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Inner Galactic unleashes creators’ inner geeks

An immersive performance incorporating, music, spoken word, and theater as well as homemade spacesuits, “Inner Galactic” is the latest creation of dancer/choreographer Maya Soto and musician/artist Nico Tower. In a yearlong journey to this weekend’s performances at Velocity Dance Center, the pair unleashed their inner geeks.

“This piece is our own space fantasy,” said Soto in an interview earlier this fall. “The place we travel to is our inner space, our emotional galaxy. There’s a visceral language in seeing somebody’s body move.”

“It’s a powerful exploration of dance. Dance is this super perfect container,” said Tower. “Maya helped create the container where I could feel the music through the dance.”

Soto has produced six evening length shows in Seattle over the last decade including the warmly received “Gathering Bones” in 2013. Over the past 13 years, Tower has released ten albums and presented her original works in more than 40 cities. However, “Inner Galactic” demanded that they learn the language of each other’s art, with Tower working on dance movements and Soto consulting on the music. Both worked on the design of the production and perform in the piece.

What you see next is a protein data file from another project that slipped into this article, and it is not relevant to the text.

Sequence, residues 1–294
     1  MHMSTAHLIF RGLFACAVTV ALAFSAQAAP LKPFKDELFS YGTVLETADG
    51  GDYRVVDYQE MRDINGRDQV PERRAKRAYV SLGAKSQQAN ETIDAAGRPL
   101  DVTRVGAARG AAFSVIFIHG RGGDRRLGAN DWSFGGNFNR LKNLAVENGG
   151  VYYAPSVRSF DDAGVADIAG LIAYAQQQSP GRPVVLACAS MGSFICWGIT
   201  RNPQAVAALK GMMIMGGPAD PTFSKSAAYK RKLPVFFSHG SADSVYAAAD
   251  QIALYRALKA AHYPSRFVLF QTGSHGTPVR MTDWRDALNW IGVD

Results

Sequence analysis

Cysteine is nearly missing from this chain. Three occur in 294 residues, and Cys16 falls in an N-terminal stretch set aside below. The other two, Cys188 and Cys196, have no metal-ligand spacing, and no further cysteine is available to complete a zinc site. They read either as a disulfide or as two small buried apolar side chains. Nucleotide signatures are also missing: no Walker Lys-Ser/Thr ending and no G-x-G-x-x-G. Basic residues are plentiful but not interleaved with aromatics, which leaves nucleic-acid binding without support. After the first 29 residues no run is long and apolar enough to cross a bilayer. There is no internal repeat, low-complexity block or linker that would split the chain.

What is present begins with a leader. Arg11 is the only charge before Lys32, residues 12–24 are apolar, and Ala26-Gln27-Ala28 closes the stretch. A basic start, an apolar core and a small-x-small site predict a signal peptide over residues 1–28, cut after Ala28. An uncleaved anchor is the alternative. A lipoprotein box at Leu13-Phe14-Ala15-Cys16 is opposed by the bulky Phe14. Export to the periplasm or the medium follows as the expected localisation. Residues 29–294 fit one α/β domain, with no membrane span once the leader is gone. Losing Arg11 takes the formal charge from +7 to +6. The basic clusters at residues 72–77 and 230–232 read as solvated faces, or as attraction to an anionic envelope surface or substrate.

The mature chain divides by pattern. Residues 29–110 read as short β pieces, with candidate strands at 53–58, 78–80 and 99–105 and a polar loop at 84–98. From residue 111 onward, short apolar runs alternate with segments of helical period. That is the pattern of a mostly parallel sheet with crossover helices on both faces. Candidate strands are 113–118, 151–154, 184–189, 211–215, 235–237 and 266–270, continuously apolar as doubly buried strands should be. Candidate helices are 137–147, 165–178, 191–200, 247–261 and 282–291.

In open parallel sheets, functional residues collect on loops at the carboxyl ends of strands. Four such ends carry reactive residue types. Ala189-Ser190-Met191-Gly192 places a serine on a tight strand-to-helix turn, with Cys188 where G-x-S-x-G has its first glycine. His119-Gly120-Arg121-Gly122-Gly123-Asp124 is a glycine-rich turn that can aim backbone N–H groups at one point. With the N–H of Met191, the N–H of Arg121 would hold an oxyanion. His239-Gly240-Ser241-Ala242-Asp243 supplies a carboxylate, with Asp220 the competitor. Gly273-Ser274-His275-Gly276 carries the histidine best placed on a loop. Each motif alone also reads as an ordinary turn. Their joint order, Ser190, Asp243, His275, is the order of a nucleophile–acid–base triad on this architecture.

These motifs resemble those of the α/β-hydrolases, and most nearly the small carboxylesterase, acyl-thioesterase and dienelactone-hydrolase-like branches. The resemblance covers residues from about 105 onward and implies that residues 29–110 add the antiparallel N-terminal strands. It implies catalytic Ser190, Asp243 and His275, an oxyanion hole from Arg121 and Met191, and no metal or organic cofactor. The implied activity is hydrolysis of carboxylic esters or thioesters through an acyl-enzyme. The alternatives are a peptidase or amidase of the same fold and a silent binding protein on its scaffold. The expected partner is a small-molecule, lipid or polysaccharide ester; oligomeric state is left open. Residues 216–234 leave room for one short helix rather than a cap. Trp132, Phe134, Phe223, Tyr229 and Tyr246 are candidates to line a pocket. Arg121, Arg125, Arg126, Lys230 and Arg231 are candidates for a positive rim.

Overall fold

“There’s something really unique about the process,” added Soto. “The dance and the music have been built at the same time. We both stepped out of our traditional roles (of dancer and musician) and entered into each other’s universe.”

“And we discovered a mutual love of comic books,” said Tower. “From a storytelling standpoint, this piece let us play ourselves and be ridiculous about it too. To create a hero’s journey.”

“It’s a show about friendship. And it’s equally told through movement and sound,” said Soto.
The creation of “Inner Galactic” was part of Velocity Dance Center’s Creative Resident Program. They also received support from 10° (Seattle), Exit Space - From Studio to Stage program and took an artistic retreat at Higher Ground Community in Bend, Oregon.

“We did everything ourselves from costumes to sets. There’s a large visual design element that required many trips to Home Depot,” said Soto.

“We’ve both been immersed in this work for a whole year,” noted Tower.

“There isn’t anything that I wouldn’t do again,” said Soto. “I’ve grown as an artist. This project could continue in different incarnations. It might have a long life ahead of it.”

Inner Galactic at Velocity Dance Center
Matthew Witschonke preproduction photo and used with permission of artists